For one couple it’s a celebration of support and love, despite any haters online
At the end of August social media changed for Pálína Axelsdóttir Njarðvík. Without much explanation, she lost a few hundred followers at once. Her page, @FarmLifeIceland on Instagram, had over 40.000 followers until she posted an anniversary photo with her girlfriend María (shown above). The photo, which features the two girls in a beautiful countryside bedroom, had the caption “Today is our two year anniversary. So glad we realized we had a crush on each other because María is the best.” The lost followers led to the news being picked up by Visir and Reykjavík Grapevine.
Sitting in a cafe downtown while rain poured outside, GayIceland caught up with Pálína to get to know her better, find out more about life in the countryside, and investigate which hole under a rock these internet trolls crawled out of.
Did your following grow along with the increase in tourism to Iceland, with many influencers and photographers capturing the Icelandic countryside?
“I started the @FarmLifeIceland page on Instagram in 2015 just because I had so many photos of sheep that I didn’t want my personal page to become just about sheep. I thought my friends wouldn’t want to see that. So I thought I’ll just make a separate one. It sort of grew from there. I didn’t think anyone would actually follow but many people were interested in Icelandic sheep and life on the farm.”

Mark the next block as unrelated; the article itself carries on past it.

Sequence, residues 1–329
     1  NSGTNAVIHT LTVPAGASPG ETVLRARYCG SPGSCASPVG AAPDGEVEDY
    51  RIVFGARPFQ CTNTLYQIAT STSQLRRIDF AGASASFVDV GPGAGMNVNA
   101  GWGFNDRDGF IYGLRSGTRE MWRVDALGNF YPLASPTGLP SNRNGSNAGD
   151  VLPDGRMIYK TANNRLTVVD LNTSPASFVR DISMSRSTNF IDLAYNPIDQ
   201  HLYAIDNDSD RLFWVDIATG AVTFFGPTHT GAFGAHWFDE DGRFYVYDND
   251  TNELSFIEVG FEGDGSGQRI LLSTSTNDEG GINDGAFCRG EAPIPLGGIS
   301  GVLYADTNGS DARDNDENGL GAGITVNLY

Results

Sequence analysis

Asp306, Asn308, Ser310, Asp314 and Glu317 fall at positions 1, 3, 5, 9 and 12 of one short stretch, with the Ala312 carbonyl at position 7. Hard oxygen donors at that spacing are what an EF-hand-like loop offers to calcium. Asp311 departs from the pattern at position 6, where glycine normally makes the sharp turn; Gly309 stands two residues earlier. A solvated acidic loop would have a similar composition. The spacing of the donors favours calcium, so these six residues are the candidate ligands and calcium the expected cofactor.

Did you change anything about your profile after this loss in followers? Did you post more about María publicly?
“Well I had already had photos of María on my profile and mentioned she was my girlfriend in like Q&A stories, but I guess people didn’t really notice. I was asked once in a story Q&A if I had a boyfriend and I simply said I have a girlfriend. I did actually add a little rainbow flag to my bio on my profile since all this, just to make it obvious so that if anyone looking at it is also gay they can see it and identify with it.”
The only negative comment Pálína got from posting about her anniversary with her girlfriend was one profile who commented with a green puking face emoji, which she deleted. Otherwise, she actually saw an outpouring of supportive comments from Icelanders and other LGBT+ supporters following her page. Even in Skeiða og Gnúpverjahreppur, where the farm is east of the golden circle area, the residents and neighbors are supportive.
On the Visir article, comments are all encouraging with one person comparing the loss of her followers to Icelandi footballplayer Rúrik Gíslason’s loss of followers after posting a photo with his girlfriend. Pálína says that it may be a bit like that. She doesn’t want to generalize about who was following her and why they unfollowed, but it may be because they were dreaming of a “wild love in the Icelandic countryside” and thought Maria was maybe just her sister.
How did you and María meet and what was your journey coming out like?